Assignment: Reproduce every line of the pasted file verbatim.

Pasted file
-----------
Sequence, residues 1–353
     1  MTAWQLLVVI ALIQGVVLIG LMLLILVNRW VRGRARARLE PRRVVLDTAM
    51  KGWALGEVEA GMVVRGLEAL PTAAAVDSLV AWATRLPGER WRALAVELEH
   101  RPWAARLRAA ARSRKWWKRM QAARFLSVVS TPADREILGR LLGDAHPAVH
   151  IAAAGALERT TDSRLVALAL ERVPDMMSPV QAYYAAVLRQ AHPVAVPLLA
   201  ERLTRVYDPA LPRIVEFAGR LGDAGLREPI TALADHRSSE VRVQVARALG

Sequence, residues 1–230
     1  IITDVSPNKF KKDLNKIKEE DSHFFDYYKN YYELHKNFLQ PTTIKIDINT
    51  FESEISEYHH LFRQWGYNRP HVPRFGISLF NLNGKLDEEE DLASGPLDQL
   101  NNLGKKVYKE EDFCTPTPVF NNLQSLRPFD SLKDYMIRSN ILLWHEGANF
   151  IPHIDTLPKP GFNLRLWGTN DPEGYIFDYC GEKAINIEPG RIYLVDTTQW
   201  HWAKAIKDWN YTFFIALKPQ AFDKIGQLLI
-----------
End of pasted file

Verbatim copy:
Sequence, residues 1–353
     1  MTAWQLLVVI ALIQGVVLIG LMLLILVNRW VRGRARARLE PRRVVLDTAM
    51  KGWALGEVEA GMVVRGLEAL PTAAAVDSLV AWATRLPGER WRALAVELEH
   101  RPWAARLRAA ARSRKWWKRM QAARFLSVVS TPADREILGR LLGDAHPAVH
   151  IAAAGALERT TDSRLVALAL ERVPDMMSPV QAYYAAVLRQ AHPVAVPLLA
   201  ERLTRVYDPA LPRIVEFAGR LGDAGLREPI TALADHRSSE VRVQVARALG

Sequence, residues 1–230
     1  IITDVSPNKF KKDLNKIKEE DSHFFDYYKN YYELHKNFLQ PTTIKIDINT
    51  FESEISEYHH LFRQWGYNRP HVPRFGISLF NLNGKLDEEE DLASGPLDQL
   101  NNLGKKVYKE EDFCTPTPVF NNLQSLRPFD SLKDYMIRSN ILLWHEGANF
   151  IPHIDTLPKP GFNLRLWGTN DPEGYIFDYC GEKAINIEPG RIYLVDTTQW
   201  HWAKAIKDWN YTFFIALKPQ AFDKIGQLLI